Grand Staircase-Escalante National Monument

Grand Staircase-Escalante National Monument (GS-ENM) is located in southern Utah along the Utah-Arizona border. The Monument was originally designated by presidential proclamation in 1996, with an area of 1.8+ million acres. This was reduced in 2017 to just over a million acres by another presidential proclamation by a different President. The park was restored to its original size in 2021 by yet another presidentional proclamation by yet another president. The monument is administered by the Bureau of Land Management (BLM), with visitor centers in Cannonville, Big Water, Escalante, and Kanab. I visited GS-ENM in April of 2002, Oct of 2019, June of 2022, and April of 2023, and have managed to cover only a few hundred of the million plus acres of the monument.

Park sign 2002

Park sign 2022

Escalante Interagency Visitor Center

Burr Trail Road

Burr Trail Road (aka GSENM 100) started life as a cattle trail built by John Atlantic Burr. Now it's a paved road in the extreme northeastern part of GS-ENM, running from the boundary with Capitol Reef on the east to the town of Boulder on the west. I drove this road as part of the Loop-The-Fold tour in Oct 2019. Most of the photos in this section were taken in and around Long Canyon.

Park sign 2019

View from top of Long Canyon

Wingate Sandstone Cliffs

Box elders at the entrance to the cleft

In the crevice

Long Canyon

Lava boulders on Navajo Sandstone

Terrain near the town of Boulder

Lower Calf Creek Falls

Lower Calf Creek Falls Trail starts in the Calf Creek Recreation Area Campground located 15 Miles east of Escalante on Utah State Route 12 (Scenic Byway 12). The trail is 6 miles out and back and fairly level. I would rate it moderate to moderately difficult because most of the trail is loose sand. There are 14 stops along the way that are described in a trail guide available at the trailhead. The hike is hot during the summer months, so start early and take lots of water.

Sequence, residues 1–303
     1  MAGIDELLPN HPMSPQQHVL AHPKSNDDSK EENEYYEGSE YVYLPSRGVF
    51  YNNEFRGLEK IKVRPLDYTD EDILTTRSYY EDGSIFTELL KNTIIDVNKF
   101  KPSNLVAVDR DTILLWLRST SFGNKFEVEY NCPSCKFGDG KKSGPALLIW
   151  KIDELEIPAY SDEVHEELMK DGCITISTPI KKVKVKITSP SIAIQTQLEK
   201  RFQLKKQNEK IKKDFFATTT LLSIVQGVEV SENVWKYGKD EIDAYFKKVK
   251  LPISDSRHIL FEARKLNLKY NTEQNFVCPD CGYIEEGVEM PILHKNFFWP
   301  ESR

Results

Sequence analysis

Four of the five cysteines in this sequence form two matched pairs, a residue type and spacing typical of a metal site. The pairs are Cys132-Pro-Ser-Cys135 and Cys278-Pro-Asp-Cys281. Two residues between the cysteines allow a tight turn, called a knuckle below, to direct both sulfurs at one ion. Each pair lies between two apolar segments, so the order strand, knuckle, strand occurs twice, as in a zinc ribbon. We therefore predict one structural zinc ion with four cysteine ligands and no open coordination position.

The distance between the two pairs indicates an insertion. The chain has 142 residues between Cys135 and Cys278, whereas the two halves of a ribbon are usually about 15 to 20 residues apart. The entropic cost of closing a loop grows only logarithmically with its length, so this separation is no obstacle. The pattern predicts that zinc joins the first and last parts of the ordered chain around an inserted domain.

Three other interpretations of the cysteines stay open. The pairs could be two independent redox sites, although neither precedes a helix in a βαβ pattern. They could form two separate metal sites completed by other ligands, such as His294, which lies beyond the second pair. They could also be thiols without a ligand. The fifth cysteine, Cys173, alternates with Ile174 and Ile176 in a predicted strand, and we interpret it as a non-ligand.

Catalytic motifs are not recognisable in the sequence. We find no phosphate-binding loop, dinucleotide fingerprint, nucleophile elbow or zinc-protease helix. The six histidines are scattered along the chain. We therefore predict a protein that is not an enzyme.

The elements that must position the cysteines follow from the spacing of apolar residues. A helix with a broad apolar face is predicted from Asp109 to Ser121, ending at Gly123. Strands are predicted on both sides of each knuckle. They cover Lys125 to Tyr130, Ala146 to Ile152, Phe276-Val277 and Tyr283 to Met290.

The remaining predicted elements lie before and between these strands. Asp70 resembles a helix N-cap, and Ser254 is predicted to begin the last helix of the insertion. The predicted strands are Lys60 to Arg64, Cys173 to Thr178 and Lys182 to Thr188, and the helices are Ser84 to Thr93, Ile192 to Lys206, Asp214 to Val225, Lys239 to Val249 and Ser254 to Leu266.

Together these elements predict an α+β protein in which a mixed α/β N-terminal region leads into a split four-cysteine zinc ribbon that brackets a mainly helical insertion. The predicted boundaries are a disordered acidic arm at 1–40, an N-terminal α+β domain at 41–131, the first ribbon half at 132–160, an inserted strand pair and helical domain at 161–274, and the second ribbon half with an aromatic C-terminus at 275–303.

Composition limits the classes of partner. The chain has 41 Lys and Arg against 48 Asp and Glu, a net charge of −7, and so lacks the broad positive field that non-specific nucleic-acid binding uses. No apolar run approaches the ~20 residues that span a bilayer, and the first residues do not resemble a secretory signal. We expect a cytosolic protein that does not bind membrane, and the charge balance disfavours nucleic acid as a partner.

Lower Calf Creek Falls cascades over a cliff and plunges 126 feet into a bowl shaped pool. The pool is maybe 4 feet deep at its deepest, and lots of folks can't resist taking a dip after the hot hike in. In case you're one of them wear your bathing suit.

Trail to Lower Calf Creek Falls

Calf Creek with Beaver Dams

Stop #7 Desert Varnish
West canyon wall

Stop #8 Fremont Pictographs

Sandy Trail

Lower Calf Creek Falls

Lower Calf Creek Falls

Lower Calf Creek Falls

Hole-in-the-Rock Road

Hole-in-the-Rock Road (BLM Road 200) is a modern 62-mile unpaved road that follows the historic Hole-in-the-Rock Trail established by Mormon pioneers in 1879. They spent several months enlarging a break in the cliffs leading down to the Colorado River, giving the trail its name. The road runs E-SE from Escalante to the Hole-in-the-Rock on the western shore of Lake Powell. Along the way travelers can visit Devil's Garden, Peek-a-Boo and Spooky slot canyons, and Chimney and Dance Hall Rocks. I strongly recommend taking a 4-wheel drive vehicle and lots of water.

Park Sign at junction of UT-12
and Hole-in-the-Rock Road

Corral along Hole-in-the-Rock Road

Devil's Garden Outstanding Natural Area

Hoodoos in Devil's Garden

Cottonwood Canyon Road

Cottonwood Canyon Road (aka Cottonwood Road, aka Kane County Road 700, aka BLM Road 400) is a 47-mile dirt road that runs from Cannonville, UT (north) U.S. Route 89 (South) . From the north, turn on to Main Street from UT-12 in Cannonville. Main Street turns into Kodachrome Road that continues for 7 miles to the turnoff for Kodachrome Basin State Park. Cottonwood Canyon Road begins at the point where pavement turns to dirt. From the south: take US-89 east from Kanab for about 46 miles to the junction of Cottonwood Canyon Road. The junction is about 1.5 miles east of the Toadstool hoodoos trailhead. Cottonwood Canyon Road is a reasonably good sand and dirt road, but is impassable in wet weather, so check for road conditions before starting. I recommend a 4-wheel drive high clearance vehicle. Cottonwood Canyon Road traverses the Kaiparowits Unit of GS-ENM and features many interesting geologic features along the way. These include Grosvenor Arch, the Squeeze, Cockscomb, and the Cottonwood Narrows. I picked up a nifty little book at the Paria Contact Station. It's the Cottonwood Canyon Geology Road Guide by Janice Gillespie and Christa Sadler. I tried to match my photos to those in the guide and have borrowed heavily from the guide for information at stops along the way. Kudos to Gillespie and Sadler.